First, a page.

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Ex-Trump cybersecurity czar Rudy Giuliani couldn’t figure out how to unlock his iPhone

Giuliani had to be assisted by the Apple Store after entering the incorrect passcode at least 10 times.

Oct 31, 2019, 3:56 pm

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Mikael Thalen 

Mikael Thalen

Rudy Giuliani reportedly locked himself out of his iPhone just weeks after being named cybersecurity adviser to President Donald Trump, NBC News reports.

An internal Apple store memo obtained by NBC News indicates that in 2017 the former New York City mayor took his device to an Apple Store location in San Francisco after forgetting his own passcode.

Giuliani is said to have locked himself out of his iPhone after entering the incorrect passcode at least 10 times.

The device, an out-of-warranty iPhone 6, had to be wiped. Some of Giuliani’s data was then restored using his iCloud backup.

A former Apple employee who worked at the store at the time described Giuliani’s actions as “very sloppy.”

“Trump had just named him as an informal adviser on cybersecurity and here, he couldn’t even master the fundamentals of securing your own device,” the employee said.

But getting locked out of his phone while advising the president on cybersecurity wasn’t the only issue.

E.J. Hilbert, a former FBI agent who focused on cybercrime, noted the inherent danger in such a high-profile figure handing over their device to a random Apple employee.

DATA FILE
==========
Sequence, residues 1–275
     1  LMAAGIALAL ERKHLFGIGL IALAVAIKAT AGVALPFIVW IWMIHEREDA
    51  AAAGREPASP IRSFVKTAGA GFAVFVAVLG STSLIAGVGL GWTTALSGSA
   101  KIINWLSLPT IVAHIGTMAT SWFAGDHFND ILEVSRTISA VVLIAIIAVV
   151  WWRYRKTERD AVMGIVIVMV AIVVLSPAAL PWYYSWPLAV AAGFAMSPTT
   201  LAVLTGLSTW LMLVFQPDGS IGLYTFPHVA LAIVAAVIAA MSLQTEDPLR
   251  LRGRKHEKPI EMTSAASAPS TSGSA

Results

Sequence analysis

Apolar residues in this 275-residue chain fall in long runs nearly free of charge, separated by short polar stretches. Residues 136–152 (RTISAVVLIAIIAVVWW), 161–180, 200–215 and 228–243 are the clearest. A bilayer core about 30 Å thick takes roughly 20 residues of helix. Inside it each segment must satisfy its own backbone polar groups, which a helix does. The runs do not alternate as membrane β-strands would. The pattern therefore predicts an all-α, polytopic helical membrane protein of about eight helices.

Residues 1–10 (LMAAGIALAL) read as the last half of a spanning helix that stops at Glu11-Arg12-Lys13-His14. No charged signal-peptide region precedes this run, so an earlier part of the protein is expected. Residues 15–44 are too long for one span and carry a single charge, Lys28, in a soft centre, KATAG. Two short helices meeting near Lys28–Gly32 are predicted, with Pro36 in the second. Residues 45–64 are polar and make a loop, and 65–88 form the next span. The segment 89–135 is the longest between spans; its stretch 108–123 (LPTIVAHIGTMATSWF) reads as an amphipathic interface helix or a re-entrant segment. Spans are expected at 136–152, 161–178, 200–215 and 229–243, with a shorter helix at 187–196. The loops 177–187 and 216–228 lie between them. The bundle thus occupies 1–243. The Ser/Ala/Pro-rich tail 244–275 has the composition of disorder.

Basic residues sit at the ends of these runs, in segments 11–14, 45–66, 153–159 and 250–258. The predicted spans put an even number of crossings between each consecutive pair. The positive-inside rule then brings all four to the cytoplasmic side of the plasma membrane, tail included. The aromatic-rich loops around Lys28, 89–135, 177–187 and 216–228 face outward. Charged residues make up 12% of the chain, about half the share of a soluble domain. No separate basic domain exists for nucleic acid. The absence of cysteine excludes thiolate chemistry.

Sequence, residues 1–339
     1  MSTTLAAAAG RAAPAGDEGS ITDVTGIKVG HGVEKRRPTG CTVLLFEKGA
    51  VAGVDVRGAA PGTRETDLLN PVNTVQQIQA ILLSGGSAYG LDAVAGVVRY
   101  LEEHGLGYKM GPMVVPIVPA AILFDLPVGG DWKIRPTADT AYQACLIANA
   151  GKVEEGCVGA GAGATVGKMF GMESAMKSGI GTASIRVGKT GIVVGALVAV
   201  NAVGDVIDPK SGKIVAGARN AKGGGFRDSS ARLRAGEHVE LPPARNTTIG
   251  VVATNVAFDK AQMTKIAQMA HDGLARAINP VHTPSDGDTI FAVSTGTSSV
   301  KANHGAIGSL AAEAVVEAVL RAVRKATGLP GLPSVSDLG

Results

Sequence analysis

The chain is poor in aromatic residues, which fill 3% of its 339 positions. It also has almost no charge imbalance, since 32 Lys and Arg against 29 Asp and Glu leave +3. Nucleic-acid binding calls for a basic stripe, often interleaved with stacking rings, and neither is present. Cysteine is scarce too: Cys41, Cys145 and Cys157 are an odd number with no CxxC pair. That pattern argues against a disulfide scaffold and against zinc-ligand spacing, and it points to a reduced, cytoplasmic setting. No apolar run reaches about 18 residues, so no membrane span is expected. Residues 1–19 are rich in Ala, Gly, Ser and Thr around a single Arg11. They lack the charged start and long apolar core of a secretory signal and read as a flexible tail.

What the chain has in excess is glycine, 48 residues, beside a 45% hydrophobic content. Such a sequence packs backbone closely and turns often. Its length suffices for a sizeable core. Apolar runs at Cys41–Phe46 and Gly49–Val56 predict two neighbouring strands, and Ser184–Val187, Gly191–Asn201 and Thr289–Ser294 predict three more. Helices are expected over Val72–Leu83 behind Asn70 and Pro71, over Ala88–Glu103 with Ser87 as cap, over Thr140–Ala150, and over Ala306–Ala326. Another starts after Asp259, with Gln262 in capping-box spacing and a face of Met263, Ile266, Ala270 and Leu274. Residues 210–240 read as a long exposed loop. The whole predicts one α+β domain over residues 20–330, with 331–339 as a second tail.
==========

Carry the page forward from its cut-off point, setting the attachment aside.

“There’s no way he should be going to a commercial location to ask for that assistance,” Hilbert said.

Experts argue that Giuliani instead should have taken his phone to White House staffers who are cleared to assist with such technical issues.

The incident, unfortunately, is unsurprising given Giuliani’s digital track record.

Just last week, Giuliani butt-dialed an NBC reporter two times and inadvertently left messages in which he discussed needing cash and his disdain for the Biden family.

Giuliani also made headlines after becoming the White House cybersecurity adviser when it was discovered that the website for his security firm was filled with vulnerabilities.

And to make matters worse, a typo made by Giuliani on Twitter in 2017 led the political figure to accuse the social media platform of “invading my text,” showcasing yet again his failure to understand the most basic aspects of the internet.

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H/T NBC News

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*First Published: Oct 31, 2019, 3:56 pm